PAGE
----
Social Order and Mobility in 16th- and 17th-Century Central Mexico
Summary and Keywords
Mexico had an exceptionally diverse population during the 16th and 17th centuries, including Indigenous peoples of different ethnicities (in the majority), Iberians, and forced migrants from Africa and Asia, who related to one another in complex ways. Society—a group of people living in a community—was configured differently in each place, based on geographical location, local customs, property distribution, and a myriad of other factors. Faced with such different contexts, historians have tended to generalize about social organization (the way people interacted) from the perspective of the men who produced the most sources. Colonial statutes and official correspondence convey the attempts of Hapsburg officials to maintain a hierarchical social order, but property records reveal a more fluid reality. The acquisition of wealth and achievement of social status by non-Spaniards frustrated colonial ideals for a stratified society that correlated to ethnicity. The success of imperial governance, to the degree it was achieved, depended on its flexibility and how it allowed people to benefit from the colonial economy and to achieve social mobility.
Archetypal Social Organization
The archetypal social organization of 16th and 17th century Mexico is triangular, with Spanish men on top, Indians (legal name for Indigenous vassals) in the middle, and foreign slaves at the bottom.1 This pyramidal symbol of “colonial” society is based on a certain narrative, which says that Spanish “conquistadors” established a “colony” in Mexico called New Spain that served to benefit the “mother country.” Their descendants, joined by new Spanish immigrants, created a stratified social order to reap the benefits of colonialism. Indians and foreign slaves labored for the benefit of the royal treasury and wealthy men. This characterization of society might read like a straw man generalization, but it is a model that has retained remarkable currency in the historiography of the social organization of “Colonial Mexico.” Archetypes simplify complexity.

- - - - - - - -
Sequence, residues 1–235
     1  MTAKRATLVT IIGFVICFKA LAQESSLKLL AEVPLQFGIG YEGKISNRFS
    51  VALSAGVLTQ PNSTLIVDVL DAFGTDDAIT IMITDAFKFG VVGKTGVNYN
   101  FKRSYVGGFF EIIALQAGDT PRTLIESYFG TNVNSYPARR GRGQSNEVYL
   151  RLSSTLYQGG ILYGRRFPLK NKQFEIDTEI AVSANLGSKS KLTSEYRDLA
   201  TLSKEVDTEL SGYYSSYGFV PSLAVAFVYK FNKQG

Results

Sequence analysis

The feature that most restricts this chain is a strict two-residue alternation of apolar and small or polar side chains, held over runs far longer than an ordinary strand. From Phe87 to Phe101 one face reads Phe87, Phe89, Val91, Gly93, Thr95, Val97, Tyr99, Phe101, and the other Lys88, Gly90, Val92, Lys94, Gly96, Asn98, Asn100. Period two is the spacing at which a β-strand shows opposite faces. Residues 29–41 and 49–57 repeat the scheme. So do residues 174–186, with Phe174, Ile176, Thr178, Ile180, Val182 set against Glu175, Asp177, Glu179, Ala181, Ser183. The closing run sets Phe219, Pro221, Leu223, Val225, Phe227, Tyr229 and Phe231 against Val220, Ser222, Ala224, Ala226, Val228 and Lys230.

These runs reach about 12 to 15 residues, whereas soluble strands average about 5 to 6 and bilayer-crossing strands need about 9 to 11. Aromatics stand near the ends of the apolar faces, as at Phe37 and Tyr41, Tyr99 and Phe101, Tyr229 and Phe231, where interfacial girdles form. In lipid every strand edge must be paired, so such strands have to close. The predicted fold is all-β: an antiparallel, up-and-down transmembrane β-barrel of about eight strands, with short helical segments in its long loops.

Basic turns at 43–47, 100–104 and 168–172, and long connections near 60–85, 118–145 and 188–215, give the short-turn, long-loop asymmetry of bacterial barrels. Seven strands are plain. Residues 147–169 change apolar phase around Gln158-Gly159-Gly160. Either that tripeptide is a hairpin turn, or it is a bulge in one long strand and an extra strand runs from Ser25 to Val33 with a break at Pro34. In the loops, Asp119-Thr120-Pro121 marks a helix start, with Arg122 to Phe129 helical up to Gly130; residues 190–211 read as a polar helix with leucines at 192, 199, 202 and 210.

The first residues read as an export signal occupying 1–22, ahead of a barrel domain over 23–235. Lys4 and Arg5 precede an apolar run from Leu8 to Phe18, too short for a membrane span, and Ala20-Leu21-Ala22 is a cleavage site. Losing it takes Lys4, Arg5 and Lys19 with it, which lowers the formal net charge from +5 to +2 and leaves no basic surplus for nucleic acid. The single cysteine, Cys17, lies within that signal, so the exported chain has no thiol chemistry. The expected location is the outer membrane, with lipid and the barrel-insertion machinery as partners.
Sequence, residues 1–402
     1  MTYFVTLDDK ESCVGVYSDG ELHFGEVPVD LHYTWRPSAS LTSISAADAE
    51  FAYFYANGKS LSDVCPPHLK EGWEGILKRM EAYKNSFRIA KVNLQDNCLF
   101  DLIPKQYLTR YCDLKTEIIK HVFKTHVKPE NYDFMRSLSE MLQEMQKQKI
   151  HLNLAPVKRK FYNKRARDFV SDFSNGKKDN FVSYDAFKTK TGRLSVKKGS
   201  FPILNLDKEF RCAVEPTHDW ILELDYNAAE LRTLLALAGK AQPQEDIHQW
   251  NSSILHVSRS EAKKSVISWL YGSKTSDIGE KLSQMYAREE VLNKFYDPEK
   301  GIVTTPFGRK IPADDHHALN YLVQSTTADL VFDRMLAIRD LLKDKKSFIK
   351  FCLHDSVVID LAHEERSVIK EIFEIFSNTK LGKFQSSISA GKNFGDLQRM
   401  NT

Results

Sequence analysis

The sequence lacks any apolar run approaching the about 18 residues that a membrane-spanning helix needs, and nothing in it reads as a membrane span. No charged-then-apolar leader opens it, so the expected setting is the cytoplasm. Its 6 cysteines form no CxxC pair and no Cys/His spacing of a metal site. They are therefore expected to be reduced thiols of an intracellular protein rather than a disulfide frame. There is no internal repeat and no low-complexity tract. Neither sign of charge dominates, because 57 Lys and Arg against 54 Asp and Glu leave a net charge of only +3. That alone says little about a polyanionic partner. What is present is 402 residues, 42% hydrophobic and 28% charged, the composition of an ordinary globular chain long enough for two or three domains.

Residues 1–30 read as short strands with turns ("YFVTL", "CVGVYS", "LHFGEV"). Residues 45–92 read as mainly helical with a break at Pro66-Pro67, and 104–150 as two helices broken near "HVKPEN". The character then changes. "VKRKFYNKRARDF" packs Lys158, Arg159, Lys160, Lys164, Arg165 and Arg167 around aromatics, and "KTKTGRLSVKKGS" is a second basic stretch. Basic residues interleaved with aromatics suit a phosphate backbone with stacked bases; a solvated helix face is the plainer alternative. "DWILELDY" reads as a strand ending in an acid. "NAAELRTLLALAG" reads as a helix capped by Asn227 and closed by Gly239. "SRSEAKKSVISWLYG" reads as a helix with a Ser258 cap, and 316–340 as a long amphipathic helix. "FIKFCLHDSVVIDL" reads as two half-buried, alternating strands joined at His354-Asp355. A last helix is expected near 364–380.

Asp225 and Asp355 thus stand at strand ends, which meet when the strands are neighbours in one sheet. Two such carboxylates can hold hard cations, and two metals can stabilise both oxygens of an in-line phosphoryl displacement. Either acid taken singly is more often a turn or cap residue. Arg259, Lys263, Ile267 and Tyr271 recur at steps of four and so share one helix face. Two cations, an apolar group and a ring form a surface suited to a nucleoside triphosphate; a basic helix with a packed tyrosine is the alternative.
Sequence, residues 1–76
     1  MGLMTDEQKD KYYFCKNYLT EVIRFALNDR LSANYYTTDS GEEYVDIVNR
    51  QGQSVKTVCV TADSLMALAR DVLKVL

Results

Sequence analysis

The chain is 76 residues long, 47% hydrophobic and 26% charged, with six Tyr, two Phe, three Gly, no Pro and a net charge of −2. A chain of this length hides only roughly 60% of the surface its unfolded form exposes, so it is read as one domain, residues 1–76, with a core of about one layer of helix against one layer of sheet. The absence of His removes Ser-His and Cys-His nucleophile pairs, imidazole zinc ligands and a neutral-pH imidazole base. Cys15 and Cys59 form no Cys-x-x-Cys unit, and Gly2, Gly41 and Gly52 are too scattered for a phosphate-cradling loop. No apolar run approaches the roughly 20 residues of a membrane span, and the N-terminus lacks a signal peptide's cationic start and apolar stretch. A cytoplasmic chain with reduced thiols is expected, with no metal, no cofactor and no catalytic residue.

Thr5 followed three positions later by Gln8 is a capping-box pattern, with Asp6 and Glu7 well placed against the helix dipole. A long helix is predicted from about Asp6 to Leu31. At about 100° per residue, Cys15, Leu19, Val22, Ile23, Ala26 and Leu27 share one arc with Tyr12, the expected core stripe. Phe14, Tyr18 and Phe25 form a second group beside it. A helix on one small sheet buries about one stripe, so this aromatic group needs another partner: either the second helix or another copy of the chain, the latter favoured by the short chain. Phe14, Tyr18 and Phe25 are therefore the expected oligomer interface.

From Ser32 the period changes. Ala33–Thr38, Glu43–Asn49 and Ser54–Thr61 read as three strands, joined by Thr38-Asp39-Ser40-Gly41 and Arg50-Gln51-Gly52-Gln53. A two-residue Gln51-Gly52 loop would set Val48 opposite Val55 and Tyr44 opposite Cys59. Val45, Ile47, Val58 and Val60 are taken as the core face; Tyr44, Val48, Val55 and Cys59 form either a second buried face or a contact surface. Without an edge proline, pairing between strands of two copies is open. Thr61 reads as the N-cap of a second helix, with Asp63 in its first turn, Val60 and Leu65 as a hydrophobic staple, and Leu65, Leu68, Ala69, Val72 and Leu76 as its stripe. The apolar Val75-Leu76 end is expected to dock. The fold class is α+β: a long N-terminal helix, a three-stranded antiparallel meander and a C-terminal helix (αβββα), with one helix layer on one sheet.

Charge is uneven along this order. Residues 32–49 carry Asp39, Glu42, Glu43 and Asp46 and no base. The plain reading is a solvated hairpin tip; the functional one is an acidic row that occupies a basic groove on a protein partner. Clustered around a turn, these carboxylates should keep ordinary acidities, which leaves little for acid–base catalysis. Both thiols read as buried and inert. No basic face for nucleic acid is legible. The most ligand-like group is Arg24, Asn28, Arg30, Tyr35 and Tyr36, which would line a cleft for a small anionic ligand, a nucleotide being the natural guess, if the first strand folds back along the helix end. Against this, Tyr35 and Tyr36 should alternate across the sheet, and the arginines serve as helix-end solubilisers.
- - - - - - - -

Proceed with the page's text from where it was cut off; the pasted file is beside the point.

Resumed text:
The endurance of the archetype partly derives from the definition of the term “social organization” and the assumptions made about the “social order.” Social organization, a concept borrowed from sociology, refers to how people in a group (a society) interact. To study these interactions social scientists mainly examine the family (smallest unit of social organization) and the state (larger unit). The family influences social interactions, for example, by inculcating gender roles and other learned behavior. The state organizes interactions through laws and military power. Culture (beliefs and ideas) shapes interactions between people as well. This definition of social organization exalts the power of institutions to regulate people’s lives and assumes that “the family” and “the state” control society.
Applied to Mexico, these assumptions about social organization have led some historians to suggest that family patriarchs, the state (the Spanish crown), and religion (the Catholic Church) determined people’s interactions and their place in the social order. Under this formulation of how society functioned, the state manifested its power, for example, by establishing exclusionary laws that supported the ideal pyramidal society. These laws distinguished between people based on their ancestry (related to religion, ethnicity, and geographic origin), sex, and legal standing as free vassals versus human chattel. Spanish men of “old Christian” blood were supposed to have the greatest rights and privileges, and slaves the least. Enforcement of this kind of legislation, however, only succeeded in the highest corridors of Spanish political power in Mexico City, and most of the population ignored Spanish classifying schemes.